This blog is intended to go along with Population: An Introduction to Concepts and Issues, by John R. Weeks, published by Cengage Learning. The latest edition is the 13th (it will be out in January 2020), but this blog is meant to complement any edition of the book by showing the way in which demographic issues are regularly in the news.

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Thursday, August 11, 2011

Central Americans Account for the Majority of Latinos in Maryland

The Washington Examiner has a story today about the high percentage of Latinos in Maryland that are from Central America, especially El Salvador, despite the fact that the average American probably thinks that anyone speaking Spanish is from Mexico (which the US government now typically defines as being in North America, rather than Central America).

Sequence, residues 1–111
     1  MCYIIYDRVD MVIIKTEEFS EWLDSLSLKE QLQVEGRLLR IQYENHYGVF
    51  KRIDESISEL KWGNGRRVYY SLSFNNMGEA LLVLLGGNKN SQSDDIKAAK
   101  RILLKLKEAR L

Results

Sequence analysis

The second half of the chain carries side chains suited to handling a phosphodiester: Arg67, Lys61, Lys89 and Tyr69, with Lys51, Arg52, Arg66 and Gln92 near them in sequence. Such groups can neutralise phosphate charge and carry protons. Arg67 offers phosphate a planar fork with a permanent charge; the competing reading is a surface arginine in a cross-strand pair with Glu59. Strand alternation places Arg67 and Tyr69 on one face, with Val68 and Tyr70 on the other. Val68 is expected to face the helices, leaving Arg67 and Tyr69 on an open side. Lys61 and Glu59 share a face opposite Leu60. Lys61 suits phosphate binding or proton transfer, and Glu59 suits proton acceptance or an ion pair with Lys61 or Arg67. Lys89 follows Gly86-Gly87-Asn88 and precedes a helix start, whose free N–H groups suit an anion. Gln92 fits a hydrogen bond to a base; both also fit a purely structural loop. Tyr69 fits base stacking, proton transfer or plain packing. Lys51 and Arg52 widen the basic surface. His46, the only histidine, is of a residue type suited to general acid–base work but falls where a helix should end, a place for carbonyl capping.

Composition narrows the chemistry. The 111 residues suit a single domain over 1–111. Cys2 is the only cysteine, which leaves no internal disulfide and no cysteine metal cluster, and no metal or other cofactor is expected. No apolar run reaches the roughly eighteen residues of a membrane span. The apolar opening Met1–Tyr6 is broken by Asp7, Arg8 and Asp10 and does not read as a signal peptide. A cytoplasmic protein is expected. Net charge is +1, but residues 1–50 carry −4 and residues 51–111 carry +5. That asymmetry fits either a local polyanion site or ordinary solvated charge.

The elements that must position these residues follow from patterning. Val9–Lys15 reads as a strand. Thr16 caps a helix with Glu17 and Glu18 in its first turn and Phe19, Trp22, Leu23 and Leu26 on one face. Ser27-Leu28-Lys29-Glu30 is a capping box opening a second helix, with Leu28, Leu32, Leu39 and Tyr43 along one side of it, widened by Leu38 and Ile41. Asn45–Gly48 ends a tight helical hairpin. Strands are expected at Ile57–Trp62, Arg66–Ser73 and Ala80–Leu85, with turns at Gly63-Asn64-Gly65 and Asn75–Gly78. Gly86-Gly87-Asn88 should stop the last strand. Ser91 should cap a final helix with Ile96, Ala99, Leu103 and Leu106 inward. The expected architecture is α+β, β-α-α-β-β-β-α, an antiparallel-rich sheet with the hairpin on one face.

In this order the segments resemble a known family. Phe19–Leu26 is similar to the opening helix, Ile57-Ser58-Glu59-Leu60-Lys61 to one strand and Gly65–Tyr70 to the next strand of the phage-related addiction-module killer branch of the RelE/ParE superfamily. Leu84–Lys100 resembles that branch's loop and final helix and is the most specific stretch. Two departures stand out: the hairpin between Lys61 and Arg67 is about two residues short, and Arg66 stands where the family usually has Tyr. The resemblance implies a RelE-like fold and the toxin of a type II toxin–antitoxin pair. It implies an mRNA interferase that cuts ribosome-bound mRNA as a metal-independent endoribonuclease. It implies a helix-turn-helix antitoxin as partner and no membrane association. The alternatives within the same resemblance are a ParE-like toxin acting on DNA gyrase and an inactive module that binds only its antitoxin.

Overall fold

Central Americans now make up the majority of Maryland's Hispanic population -- the fastest-growing population in the state -- a growth primarily led by a large influx of Salvadorans over the last decade, new Census data shows.
In the last decade, the number of Salvadorans statewide more than tripled and their share of Maryland's Hispanic population increased by 11 percentage points, the largest jump of any group.
"It's important to keep in mind that a lot of growth is coming from children, so that has its own set of issues associated with it," said Audrey Singer, a senior fellow with the Brookings Institution. "[Especially] with certain countries like El Salvador and Guatemala where the economy and political conditions were so harsh that people who would not normally leave did leave."
This general pattern is not really news, of course, if you have read my Population text or the book "Irresistible Forces: Latin American Migration to the United States and Its Effects on the South," written by my son, Greg Weeks, and I. Still, it is interesting to see that the 2010 Census data are corroborating the trends that we have been seeing over time.

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